Background: If computerized tomography (CT) and other sources of low-dose radiation actually increase the risk of cancer, as some previous studies suggest, thousands of patients receiving diagnostic imaging will develop iatrogenic malignancies. If this premise is false, the fear of cancer that may lead patients and physicians to avoid these powerful diagnostic tools is unfounded. This investigation provides a quantitative evaluation, using objective scoring criteria, of the methodologic quality of studies on both sides of the issue to determine the evidentiary strength supporting or refuting a causal relationship between low-dose radiation and cancer.
Methods: Investigators conducted a systematic methodologic review of articles published from 1975 through 2017 examining the risk of cancer from low-dose radiation. Following the PRISMA guidelines, a search of the PubMed, Cochrane, Scopus, and Web of Science databases identified any literature that discussed cancer and low-dose radiation, defined as less than 200 mSv. Manuscript methodologies were ranked as high quality if they scored no lower than 7 out of 9 on the Newcastle Ottawa Scale (NOS) and contained no more than 2 out of 11 lower quality indicators. They were ranked as lower quality if they received a score of 6 or less on the NOS or contained at least 3 lower quality indicators. We then characterized the articles as supporting or refuting a causal relationship between low-dose radiation and cancer, evaluating this difference using the chi-squared test for independence.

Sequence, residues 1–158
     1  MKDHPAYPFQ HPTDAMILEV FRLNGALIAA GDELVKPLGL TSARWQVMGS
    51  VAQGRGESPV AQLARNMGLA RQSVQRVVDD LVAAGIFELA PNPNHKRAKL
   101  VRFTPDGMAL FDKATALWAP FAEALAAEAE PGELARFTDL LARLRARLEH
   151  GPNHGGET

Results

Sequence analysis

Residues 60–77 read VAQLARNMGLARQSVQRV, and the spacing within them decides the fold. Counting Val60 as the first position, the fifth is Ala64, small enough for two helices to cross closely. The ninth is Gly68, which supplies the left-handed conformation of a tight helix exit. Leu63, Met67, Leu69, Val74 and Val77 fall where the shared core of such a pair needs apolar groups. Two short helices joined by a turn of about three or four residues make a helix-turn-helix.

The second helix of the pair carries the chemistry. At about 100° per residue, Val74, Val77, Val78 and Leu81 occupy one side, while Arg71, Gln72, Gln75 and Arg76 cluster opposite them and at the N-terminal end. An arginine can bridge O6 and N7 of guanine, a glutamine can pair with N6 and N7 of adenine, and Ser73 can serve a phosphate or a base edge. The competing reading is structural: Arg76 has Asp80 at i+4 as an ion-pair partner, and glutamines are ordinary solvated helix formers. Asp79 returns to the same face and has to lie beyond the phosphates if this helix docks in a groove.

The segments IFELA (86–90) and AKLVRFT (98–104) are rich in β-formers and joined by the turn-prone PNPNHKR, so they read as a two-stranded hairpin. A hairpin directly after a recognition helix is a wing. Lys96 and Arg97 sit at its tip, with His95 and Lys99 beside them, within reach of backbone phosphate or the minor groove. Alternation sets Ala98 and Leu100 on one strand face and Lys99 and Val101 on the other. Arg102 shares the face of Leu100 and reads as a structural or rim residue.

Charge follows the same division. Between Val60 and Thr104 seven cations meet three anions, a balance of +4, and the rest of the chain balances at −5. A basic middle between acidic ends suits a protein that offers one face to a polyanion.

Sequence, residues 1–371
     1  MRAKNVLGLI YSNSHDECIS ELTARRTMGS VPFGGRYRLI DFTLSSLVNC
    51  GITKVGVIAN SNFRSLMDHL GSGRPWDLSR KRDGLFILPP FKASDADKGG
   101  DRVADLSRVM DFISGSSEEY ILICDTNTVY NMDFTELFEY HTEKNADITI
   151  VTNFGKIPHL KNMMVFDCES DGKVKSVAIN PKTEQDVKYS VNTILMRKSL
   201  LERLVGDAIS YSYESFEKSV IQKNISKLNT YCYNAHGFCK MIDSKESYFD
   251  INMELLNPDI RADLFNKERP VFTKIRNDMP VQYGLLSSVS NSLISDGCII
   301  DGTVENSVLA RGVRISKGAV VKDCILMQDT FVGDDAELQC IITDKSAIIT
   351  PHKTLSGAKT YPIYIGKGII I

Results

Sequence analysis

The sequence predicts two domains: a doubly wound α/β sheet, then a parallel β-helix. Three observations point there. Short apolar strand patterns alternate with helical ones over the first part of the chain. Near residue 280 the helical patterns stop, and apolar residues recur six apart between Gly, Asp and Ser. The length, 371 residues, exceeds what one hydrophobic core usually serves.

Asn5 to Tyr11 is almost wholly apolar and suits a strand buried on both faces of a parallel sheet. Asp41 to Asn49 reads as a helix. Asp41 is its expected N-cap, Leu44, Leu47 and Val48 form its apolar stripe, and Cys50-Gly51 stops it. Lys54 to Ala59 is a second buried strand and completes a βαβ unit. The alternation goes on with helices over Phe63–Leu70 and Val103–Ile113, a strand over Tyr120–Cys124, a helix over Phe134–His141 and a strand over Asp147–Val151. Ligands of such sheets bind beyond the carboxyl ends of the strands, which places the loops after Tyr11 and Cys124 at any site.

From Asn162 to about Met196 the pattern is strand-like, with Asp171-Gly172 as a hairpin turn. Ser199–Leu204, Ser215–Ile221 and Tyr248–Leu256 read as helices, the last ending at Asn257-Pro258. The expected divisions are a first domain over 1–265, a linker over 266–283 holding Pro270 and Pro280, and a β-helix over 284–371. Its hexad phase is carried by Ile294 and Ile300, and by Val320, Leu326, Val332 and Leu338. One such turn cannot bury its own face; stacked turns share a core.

Results: We identified 4382 articles for initial review with 237 meeting criteria for detailed evaluation. After independent full text review, 62 articles were identified for inclusion in the study. Quantitative evaluation of the manuscripts’ methodologic strengths using the two scoring tools found 25 studies met high quality criteria. Of the 25 studies with high quality methods, 21 out of 25 did not support a relationship between cancer induction and low-dose radiation exposure up to 100 to 200 mSv (p = .0003).
Conclusion: A clear preponderance of articles with high quality methods found no increased risk of cancer from low-dose radiation. As such, the evidence strongly suggests exposure to multiple CT scans with a cumulative radiation dose up to 100 mSv (10 scans) and possibly as high as 200 mSv (20 scans) does not increase cancer risk.